The vital role of data and analytics in manufacturing

As a manufacturer, you are most likely used to dealing with tangible raw materials and creating solid objects with a physical impact on the world around you. But what about when the structures you build are not products, machinery and tools, and are instead comprised of data and ideas?

A business is a complex idea that requires executives to establish a network of important decisions, plans and strategies to keep production moving. These organisational frameworks are typically supported by instinct, experience and data. 

In order to ensure your business decisions benefit your company and drive future growth, you need to invest in analytics. This will give you the insight required to influence strategic choices and measure the potential of each decision.

Where are manufacturers falling short?

Despite the obvious need for data and analytics, many manufacturers are falling short in this area. Whether due to a lack of knowledge or shortages in skills and resources, executives in this industry are behind the curve in analytics adoption.

This is according to a recent survey from Pricewaterhouse Coopers (PwC). The Big Decisions report found that manufacturing business owners and executive officers are facing new challenges every day, with profitability likely to be impacted in many ways. The key challenges driving change in companies include constraints in raw material supply and the price falling for sensors, robots and 3​-D computer software. Labour shortages were also identified as a trend influencing the future of manufacturing across the globe.

Are your data analytics on point to help make strategic decisions and evaluate the possibilities and future impacts of these factors? According to PwC, few manufacturers believe the senior departments of their business are prepared to make the important decisions they need to over the next 12 months.

One-quarter of respondent said they consider their company fully prepared while 59 per cent indicated management is somewhat prepared. This means that 16 per cent believe their business is currently unprepared.

A similar study from IDC found that big data and analytic technologies are helping companies stay competitive in the global market. Manufacturers, however, may need a little bit of a push in Asia Pacific. These organisations remain cautious in the adoption and use of analytics tools, with two in five respondents still not aware of big data, according to IDC.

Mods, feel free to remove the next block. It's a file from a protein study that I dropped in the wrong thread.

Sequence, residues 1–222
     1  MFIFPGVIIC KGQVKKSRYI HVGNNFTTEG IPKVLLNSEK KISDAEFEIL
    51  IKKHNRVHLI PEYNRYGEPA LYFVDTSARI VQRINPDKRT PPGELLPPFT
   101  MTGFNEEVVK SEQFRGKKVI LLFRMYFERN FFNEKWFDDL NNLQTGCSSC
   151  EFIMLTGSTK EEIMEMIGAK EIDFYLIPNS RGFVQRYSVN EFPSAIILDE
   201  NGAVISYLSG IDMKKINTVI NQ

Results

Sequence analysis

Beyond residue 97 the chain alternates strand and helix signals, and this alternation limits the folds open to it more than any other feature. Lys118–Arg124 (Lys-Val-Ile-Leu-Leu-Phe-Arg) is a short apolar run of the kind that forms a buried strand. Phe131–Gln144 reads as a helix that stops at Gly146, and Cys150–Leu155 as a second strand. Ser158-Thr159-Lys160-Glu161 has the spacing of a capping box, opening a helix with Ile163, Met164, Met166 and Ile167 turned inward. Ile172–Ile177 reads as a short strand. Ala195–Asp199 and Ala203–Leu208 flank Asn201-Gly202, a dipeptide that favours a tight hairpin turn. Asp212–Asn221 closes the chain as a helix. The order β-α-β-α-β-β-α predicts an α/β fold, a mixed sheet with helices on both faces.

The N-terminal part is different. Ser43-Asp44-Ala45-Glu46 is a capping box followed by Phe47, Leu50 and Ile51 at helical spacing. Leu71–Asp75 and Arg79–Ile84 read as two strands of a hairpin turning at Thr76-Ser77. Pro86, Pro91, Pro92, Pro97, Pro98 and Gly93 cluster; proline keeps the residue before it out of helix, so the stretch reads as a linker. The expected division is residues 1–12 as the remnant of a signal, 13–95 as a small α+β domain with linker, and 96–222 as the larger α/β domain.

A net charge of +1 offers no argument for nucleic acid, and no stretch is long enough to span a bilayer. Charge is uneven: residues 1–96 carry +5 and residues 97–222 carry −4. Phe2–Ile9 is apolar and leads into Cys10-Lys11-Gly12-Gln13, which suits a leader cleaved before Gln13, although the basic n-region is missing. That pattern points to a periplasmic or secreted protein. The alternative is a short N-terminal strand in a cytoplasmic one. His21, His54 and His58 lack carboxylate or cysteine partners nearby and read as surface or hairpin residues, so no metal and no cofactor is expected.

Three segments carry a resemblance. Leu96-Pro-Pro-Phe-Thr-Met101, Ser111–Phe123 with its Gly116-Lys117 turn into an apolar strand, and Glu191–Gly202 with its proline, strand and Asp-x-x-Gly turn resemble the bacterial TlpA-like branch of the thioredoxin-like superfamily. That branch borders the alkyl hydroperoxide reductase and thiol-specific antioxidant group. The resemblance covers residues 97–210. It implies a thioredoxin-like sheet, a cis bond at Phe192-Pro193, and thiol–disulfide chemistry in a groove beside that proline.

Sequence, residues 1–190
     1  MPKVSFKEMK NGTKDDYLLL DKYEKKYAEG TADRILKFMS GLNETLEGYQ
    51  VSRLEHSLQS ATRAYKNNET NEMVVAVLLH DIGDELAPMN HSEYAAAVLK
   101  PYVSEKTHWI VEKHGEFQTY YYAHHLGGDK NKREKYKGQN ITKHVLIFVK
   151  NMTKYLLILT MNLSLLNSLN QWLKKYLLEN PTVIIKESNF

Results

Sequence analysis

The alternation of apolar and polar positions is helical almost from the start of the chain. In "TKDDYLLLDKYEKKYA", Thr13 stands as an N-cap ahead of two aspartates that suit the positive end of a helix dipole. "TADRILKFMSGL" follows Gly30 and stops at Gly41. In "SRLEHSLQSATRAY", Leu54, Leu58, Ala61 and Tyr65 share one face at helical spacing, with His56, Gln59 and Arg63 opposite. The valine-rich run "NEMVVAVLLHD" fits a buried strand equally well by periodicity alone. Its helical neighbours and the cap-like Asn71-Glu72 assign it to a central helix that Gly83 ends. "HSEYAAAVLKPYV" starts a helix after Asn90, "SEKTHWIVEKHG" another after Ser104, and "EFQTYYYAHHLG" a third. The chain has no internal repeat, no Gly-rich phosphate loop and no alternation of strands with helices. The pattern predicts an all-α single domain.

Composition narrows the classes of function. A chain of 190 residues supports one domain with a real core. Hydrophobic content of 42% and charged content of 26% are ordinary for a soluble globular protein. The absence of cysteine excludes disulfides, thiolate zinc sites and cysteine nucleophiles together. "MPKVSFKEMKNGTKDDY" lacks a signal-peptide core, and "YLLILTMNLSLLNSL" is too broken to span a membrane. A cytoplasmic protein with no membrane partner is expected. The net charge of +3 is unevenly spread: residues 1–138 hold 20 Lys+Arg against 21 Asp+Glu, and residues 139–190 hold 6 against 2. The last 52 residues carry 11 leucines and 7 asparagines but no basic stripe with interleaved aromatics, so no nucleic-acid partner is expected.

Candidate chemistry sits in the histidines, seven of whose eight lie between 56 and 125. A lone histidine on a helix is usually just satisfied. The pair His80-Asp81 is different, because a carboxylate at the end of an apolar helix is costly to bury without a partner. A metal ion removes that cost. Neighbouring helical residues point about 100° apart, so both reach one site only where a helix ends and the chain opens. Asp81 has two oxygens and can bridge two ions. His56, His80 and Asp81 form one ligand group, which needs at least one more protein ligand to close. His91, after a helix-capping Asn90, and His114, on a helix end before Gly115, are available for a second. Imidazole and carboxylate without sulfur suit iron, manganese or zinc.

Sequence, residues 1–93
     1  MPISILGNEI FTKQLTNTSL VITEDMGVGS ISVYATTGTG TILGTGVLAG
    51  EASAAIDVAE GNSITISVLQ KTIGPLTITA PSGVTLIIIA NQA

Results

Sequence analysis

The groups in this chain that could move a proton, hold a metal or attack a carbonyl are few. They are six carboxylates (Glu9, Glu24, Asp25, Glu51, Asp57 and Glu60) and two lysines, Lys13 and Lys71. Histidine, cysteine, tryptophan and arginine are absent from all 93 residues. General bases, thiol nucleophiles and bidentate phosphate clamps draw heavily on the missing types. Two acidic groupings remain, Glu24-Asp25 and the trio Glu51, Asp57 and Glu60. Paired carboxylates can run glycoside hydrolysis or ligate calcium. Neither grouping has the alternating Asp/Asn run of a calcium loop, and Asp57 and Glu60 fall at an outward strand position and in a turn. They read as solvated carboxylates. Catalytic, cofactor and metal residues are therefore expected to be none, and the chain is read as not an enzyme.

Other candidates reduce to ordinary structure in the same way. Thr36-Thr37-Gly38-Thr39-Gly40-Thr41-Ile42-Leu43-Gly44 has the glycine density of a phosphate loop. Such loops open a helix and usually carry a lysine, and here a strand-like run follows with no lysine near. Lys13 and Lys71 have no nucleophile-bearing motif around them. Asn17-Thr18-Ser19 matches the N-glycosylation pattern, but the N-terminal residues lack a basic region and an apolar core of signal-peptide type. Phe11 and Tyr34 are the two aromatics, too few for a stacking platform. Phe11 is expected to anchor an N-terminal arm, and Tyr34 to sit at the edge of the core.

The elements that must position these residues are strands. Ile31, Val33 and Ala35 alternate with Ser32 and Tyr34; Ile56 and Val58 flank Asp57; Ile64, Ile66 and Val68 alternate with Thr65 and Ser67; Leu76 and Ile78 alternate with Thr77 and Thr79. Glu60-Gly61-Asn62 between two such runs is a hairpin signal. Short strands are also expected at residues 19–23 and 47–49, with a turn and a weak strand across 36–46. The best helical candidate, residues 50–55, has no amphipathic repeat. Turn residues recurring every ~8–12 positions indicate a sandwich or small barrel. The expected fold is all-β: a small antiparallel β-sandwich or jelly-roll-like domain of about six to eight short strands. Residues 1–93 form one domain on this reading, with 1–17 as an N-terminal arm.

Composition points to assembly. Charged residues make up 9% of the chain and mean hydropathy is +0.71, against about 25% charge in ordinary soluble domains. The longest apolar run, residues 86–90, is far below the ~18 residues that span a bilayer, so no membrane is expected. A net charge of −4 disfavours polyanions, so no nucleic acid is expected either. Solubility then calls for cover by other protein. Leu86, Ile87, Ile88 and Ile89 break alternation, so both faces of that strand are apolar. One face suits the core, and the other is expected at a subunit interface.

Only 37 per cent of manufacturers in Asia Pacific are using big data technologies to improve on production quality management, IDC found. Another 29 per cent use it to improve inventory management, yet 37 per cent believe they don't have the right people or skills to make the most of big data. Close to one in five executives (17 per cent) struggle with identifying the best data to use and 20 per cent are concerned with the cost of these technologies.

However, strategic decision making is on the radar of many executives, according to PwC, with 53 per cent of manufacturing executives expecting to make important decisions at least once per month this year. More than one-quarter (29 per cent) say their decisions will be based on a new opportunity they simply can't ignore and 52 per cent plan to revise their most important big decisions within 3-6 months to adjust for new information.

What drives manufacturing business decisions?

For one-third of manufacturing executives (34 per cent), business decisions rely on their own experience and intuition. More than one-quarter (26 per cent) made plans based on the experience and advice of others, while just 41 per cent used data and analytics.

But with analytics so crucial for future growth, what is stopping more executives from taking advantage of data?

PwC revealed that 26 per cent of decision makers believe their biggest barrier to analytics is a lack of skills and knowledge. A further 33 per cent think learning about data would not directly benefit their role, so there is not much point getting involved. 

At the same time, 30 per cent believe it is difficult to assess which data is truly useful, so they cannot make the most of this trend. There is so much information to shift through, it seems that many businesses are overwhelmed with data and unable to correctly identify the information that would best support their decision making. 

Where is change needed and where is starting?

Big decisions require big investments in analytics. Upskilling to better understand and use data is crucial for any business, including those who typically deal in raw materials and tangible products. 

Already, 57 per cent of manufacturing executives are making changes to their analytics and decision making strategies, A further 27 per cent claim to have not yet made changes but are planning to in the near future.

So, what are manufacturing decision makers changing? In the last two years, the most popular strategies relied on enhanced data analytics such as simulation, optimisation or predictive analytics.

Many companies have or are planning to train executives on analysis techniques and how to accurately and effectively interpret data. Other businesses are adopting analytics by employing a dedicated data insights team to inform strategic decisions.

By embracing this trend and adopting analytics strategies in your company, it should become easier to make business decisions that support the future of your organisation. The important thing is getting started sooner rather than later.

Designing or manufacturing in Asia Pacific? Contact us at SOLIDWORKS to see how we can help inspire engineering innovation and improve every aspect of your product development.